A phobia is a type of anxiety disorder, defined by an excessive and irrational fear of an object or situation. It’s a medical condition, and clinical psychologists study the impact of this persistent and often debilitating illness. But what was once a scientific term of measurable phenomenon, has now been manipulated for political purposes. First, it was used pejoratively to describe those who oppose gay marriage. Some activists learned that calling their opponents “homophobic” was more effective than getting into the weeds of the historic definition of marriage — and why it ought to be expanded to include same-sex relationships. The tactic was successful, and other groups began using the “phobia” card to stifle debate and paint their opponents as bigots. Today’s “phobias” no longer describe an irrational fear or anxiety disorder, but a person with the wrong opinion about an issue. Homophobia, for example, is now defined as “a range of negative attitudes and feelings towards homosexuality … often related to religious beliefs.” At least homophobia has a common definition. Other new phobias, such as “Islamophobia”, have no agreed upon definition. The term “Islamophobia” was popularized in the 1990s by a front group for the Muslim Brotherhood that promotes Sharia law. It was introduced to promote victimhood amongst Muslims. A former adherent of this group, Abdur-Rahman Muhammad, now rejects Islamist ideology and says this of Islamophobia: “This loathsome term is nothing more than a thought-terminating cliché conceived in the bowels of Muslim think tanks for the purpose of beating down critics.” The ultimate purpose was to advance the Muslim Brotherhood’s mission — to impose Sharia law — by silencing critics and stifling free debate. Islamophobia is more than just a new buzzword. Its origins are tied to organizations that advocate for Islamist theocracy and to countries that impose barbaric blasphemy laws against those who criticize Islam. This didn’t stop our Parliament, led by Liberal MP Irqa Khalid, from passing a motion specifically condemning “Islamophobia” earlier this year. Conservative MPs offered an olive branch, suggesting the motion remove the term “Islamophobia” and replace it with a universal condemnation of “all forms of systemic racism, religious intolerance, and discrimination.” The Liberals rejected this compromise. The heritage committee is now studying ways to implement a “whole-of-government” approach to combatting this vague, politicized concept. But Canada already has laws on the books covering a range of crimes that could be motivated by hatred and bigotry. In fact, Canada has some of the English-speaking world’s most draconian rules prohibiting “hate speech” — another often vague and politicized concept. Some hate speech laws are administered by the Canadian Human Rights Tribunal, which many see as Canada’s own version of a kangaroo court. Canadians should be worried that M-103 may provide such bodies with more ammunition for their social justice crusades, and more power to stomp on our freedoms and impose penalties for “wrongthink”. That’s the thing about M-103. At best, it’s sloppy and redundant grandstanding — a waste of time and resources. At worst, it’s an exercise in the weaponization of words — a deliberate effort to stifle speech and carve out new immunity for Islamists trying to impose their religion on others.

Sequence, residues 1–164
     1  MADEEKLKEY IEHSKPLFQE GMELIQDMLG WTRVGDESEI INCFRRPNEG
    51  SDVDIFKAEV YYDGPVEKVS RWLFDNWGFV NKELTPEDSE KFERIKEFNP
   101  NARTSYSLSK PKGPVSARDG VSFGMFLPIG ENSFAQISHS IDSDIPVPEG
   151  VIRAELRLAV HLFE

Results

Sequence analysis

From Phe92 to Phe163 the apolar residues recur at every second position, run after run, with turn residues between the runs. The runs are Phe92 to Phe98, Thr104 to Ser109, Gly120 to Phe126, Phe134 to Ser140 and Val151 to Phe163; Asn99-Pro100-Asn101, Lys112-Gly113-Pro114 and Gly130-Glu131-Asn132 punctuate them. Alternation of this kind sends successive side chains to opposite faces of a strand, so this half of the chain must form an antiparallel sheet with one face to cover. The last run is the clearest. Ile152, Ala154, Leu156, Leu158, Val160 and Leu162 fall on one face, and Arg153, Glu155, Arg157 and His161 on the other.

Either way, most Canadians rightly reject this nonsense. An Angus Reid poll found 42% of Canadians would have voted against M-103, with only 29% in support. A mere 12% said it would be effective. If only our Liberal government had as much common sense.
This article was originally posted on the Toronto Sun website on September 20, 2017, and can be viewed on their site by clicking here.